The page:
• This is generally taught to help your child recognize symptoms of hunger. It can be used for breast milk or formula, and it helps your child let you know when they are hungry. This often prevents fussing and tantrums because instead of crying, your child uses signs as communication to let you know that they are hungry. Using this sign along with verbal language will help develop your child’s communication skills.

All Done/ Finished

  • This sign is made by turning both hands to alternate palms up and down.
  • To teach this sign, look for indicators that they are finished with their meal (fussing, throwing food, etc.) Ask them if they are “All done?” while doing the sign repeatedly. Soon, your child will recognize this context and copy you.
  • This is a great sign to use at the table, or while nursing your child. Babies dislike being overfed so this may let you know when they are finished. This prevents fussing and throwing food, but also facilitates communication between you and your child. This sign can transfer into other activities throughout the day as well.

More

  • This sign is made by putting your fingertips towards your thumb and repeatedly moving your hands together and apart, letting your fingertips touch each time hands are brought together.
  • This is a great sign to do at the table when feeding your child and also to facilitate play, such as asking for “More blocks?”. To teach this sign, look for cues that they want more (such as reaching for the food, toy, etc.) and demonstrate the sign while asking them if they want more, encouraging them to shadow your movements. If they are still having trouble, it may be helpful to gently help put your child’s hands together to sign.
  • Using this sign along with verbal language will help your child to communicate more efficiently during play and at the dinner table.

Please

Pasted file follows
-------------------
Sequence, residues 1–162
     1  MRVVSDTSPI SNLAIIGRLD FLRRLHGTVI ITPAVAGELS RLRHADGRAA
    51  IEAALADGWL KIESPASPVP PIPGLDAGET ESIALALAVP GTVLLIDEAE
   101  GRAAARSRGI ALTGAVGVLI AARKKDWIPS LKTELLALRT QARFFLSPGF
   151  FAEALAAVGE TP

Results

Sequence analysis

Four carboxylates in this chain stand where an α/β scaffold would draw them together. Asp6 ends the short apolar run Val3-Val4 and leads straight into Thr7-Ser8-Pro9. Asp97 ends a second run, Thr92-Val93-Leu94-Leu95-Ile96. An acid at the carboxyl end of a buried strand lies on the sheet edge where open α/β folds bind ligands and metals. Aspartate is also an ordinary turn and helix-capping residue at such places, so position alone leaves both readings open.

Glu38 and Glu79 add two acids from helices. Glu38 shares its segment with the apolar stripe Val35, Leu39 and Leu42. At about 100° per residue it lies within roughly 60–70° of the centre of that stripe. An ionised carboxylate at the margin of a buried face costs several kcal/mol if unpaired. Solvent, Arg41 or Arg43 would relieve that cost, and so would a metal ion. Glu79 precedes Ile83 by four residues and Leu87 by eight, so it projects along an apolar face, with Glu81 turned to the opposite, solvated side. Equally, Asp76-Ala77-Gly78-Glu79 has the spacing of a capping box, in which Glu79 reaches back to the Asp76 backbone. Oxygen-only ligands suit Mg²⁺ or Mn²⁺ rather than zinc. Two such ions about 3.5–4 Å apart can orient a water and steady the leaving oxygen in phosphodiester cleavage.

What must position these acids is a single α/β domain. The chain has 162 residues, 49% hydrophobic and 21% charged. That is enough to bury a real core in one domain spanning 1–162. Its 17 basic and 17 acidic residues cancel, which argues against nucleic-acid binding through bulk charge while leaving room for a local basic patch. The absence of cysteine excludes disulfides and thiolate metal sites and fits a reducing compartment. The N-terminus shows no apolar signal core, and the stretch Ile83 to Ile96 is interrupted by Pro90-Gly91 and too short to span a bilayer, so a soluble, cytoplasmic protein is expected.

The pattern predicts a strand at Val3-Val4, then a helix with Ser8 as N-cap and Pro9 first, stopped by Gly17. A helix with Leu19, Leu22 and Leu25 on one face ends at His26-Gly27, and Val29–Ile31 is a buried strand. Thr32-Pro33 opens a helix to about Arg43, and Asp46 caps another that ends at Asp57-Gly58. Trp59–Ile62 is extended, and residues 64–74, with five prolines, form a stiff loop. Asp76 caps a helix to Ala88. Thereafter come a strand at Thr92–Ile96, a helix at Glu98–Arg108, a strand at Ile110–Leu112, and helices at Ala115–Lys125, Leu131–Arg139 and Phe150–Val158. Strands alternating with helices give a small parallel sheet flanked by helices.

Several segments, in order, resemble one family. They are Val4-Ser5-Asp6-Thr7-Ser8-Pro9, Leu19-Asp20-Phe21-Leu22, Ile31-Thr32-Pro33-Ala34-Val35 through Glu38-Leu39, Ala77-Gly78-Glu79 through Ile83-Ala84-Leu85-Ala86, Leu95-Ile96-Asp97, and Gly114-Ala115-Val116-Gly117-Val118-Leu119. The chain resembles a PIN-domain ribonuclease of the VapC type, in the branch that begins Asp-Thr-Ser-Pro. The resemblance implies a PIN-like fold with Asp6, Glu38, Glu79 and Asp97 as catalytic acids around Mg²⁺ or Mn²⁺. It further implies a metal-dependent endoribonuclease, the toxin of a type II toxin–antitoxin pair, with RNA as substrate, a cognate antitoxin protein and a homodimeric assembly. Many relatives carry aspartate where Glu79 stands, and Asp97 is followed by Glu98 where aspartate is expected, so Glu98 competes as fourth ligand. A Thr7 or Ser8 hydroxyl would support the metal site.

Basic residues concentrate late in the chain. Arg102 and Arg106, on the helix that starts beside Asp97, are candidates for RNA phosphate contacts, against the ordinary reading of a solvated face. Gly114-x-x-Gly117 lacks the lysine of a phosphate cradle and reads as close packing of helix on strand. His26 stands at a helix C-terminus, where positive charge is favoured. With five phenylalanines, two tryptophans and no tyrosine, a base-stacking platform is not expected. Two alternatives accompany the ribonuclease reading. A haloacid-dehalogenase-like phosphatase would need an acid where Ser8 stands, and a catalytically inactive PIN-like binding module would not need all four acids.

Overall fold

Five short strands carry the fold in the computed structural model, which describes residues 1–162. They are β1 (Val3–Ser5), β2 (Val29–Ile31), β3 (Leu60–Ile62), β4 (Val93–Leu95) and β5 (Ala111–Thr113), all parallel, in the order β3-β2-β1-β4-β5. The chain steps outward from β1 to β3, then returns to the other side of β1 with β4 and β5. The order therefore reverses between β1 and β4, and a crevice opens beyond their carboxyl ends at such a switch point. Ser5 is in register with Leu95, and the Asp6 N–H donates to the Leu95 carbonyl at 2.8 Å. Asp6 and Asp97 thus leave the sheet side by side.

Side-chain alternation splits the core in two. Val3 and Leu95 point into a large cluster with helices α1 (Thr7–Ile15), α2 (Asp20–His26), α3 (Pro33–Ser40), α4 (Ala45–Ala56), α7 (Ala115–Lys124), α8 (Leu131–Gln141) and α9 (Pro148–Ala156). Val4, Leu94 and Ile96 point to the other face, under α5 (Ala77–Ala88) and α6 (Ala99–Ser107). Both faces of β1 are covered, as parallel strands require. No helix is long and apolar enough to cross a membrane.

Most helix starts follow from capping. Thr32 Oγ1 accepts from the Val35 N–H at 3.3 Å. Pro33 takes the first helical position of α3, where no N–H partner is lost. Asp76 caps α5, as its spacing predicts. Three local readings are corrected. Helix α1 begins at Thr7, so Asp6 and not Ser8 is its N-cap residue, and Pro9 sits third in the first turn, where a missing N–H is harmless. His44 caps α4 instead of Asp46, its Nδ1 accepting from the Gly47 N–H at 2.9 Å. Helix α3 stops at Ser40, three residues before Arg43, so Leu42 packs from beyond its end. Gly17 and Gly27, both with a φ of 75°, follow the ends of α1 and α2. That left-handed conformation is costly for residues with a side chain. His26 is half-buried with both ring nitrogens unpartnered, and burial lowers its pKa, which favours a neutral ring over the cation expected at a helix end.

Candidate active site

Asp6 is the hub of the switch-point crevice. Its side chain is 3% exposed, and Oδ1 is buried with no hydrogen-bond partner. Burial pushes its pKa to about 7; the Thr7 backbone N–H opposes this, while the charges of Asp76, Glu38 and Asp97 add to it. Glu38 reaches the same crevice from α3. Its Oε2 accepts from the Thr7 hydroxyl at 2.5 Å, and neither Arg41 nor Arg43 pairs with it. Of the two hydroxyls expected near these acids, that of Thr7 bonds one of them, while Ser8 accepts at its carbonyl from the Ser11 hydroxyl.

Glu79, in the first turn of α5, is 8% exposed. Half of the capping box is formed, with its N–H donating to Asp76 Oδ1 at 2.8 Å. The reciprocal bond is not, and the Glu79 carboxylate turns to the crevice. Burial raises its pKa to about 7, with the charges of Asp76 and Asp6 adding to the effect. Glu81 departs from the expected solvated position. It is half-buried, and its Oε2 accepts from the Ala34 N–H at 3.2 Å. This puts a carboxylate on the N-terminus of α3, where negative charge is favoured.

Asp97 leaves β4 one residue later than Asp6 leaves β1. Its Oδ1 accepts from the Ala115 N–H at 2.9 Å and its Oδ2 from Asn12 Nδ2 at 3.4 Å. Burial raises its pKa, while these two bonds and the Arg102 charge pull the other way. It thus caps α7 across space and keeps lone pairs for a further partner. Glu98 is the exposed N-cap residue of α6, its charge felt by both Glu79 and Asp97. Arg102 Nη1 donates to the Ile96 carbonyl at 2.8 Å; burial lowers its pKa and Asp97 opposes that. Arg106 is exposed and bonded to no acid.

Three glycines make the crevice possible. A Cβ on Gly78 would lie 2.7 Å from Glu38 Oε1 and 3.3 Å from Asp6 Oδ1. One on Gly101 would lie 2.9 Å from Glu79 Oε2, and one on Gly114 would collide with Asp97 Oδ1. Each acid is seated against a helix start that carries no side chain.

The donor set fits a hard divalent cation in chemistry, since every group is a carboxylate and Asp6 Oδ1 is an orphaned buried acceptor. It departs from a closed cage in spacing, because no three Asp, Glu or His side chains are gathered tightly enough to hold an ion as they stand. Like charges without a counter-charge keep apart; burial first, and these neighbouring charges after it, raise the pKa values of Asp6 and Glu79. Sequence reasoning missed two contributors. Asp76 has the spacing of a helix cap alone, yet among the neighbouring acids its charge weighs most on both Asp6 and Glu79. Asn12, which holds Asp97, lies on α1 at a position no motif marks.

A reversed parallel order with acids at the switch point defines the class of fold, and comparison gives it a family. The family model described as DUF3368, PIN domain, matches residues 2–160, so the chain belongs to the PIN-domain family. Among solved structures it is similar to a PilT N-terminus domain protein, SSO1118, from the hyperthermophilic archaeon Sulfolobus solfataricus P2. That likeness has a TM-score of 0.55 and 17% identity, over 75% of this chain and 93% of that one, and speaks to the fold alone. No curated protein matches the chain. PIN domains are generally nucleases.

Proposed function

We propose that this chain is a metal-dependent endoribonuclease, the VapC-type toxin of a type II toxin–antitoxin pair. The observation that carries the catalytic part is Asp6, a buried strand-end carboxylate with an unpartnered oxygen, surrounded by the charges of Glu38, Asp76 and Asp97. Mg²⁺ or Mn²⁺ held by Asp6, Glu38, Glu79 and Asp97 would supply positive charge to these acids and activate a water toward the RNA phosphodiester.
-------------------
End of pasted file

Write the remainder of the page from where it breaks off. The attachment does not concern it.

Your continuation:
• This sign is made by putting your hand to your chest and making a clockwise motion.
  • This is a great first step in teaching your child manners! This sign can be done in any context, whether it be at school or during bed time.
  • Do this sign while you say ‘please’ and encourage them to imitate you. Soon they will associate the sign with the verbal cue.

Eat

  • This sign is made by having one hand’s fingertips touch your thumb and repeatedly putting your hand to your mouth.
  • Do this sign whenever you are asking your child if they want to eat or encourage them to respond with this sign (after it has been learned).
  • By pairing this sign with the verbal cue and positively reinforcing the behavior with giving them food, your child will start associating the sign with the desire to eat.

Check out the website www.babysignstoo.com for more information!

Sara Lowczyk M.S. CF-SLP

**If you have any concerns with your child’s speech, language, and/or feeding development, please contact Deborah L. Curlee Communication Consultants at (865) 693-5622. We have a team of experienced speech-language pathologists that would love to meet with you and discuss options for your child. **

Slow down, breathe, take your time ….

People who stutter face a lot of stress when speaking. Most of the time they are nervous because of the embarrassment. We think we’re helping when we are telling them to slow down, breathe, take your time, and think about what you’re trying to say. We are actually doing the opposite! We are putting more stress on the person who stutters.  The best way we can help a person who stutters is to LISTEN!! Don’t try to finish their sentences or give advice.  Be patient with the person, maintain eye contact, and most importantly LISTEN carefully.

It’s important to remember that young children have normal disfluencies during the time when they are starting to develop more advance language. How can you tell if your child has normal disfluencies or if they are truly stuttering? See chart below.

Typical Disfluency

Stuttering

Speech Characteristics

•   Multisyllabic whole-word and phrase repetitions

•   Interjections

•   Revisions

Speech Characteristics

•   Sound or syllable repetitions

•   Prolongations

•   Blocks

Other Behaviors

•   No physical tension or struggle

•   No secondary behaviors 

•   No negative reaction or frustration

•   No family history of stuttering

Other Behaviors

•   Associated physical tension or struggle

•   Secondary behaviors (e.g., eye blinks, facial grimacing,

•   changes in pitch or loudness)

•   Negative reaction or frustration

•   Avoidance behaviors (e.g., reduced verbal output or word/

•   situational avoidances)

•   Family history of stuttering

**Coleman, C. (2013). How can you tell if childhood stuttering is the real deal? Available from http://blog.asha.org/2013/09/26/how-can-you-tell-if-childhood-stuttering-is-the-real-deal/

 If you have a child who stutters, locate a speech language pathologist in your area and have your child evaluated. It’s ok to seek help. Educating yourself is the best way to help your child.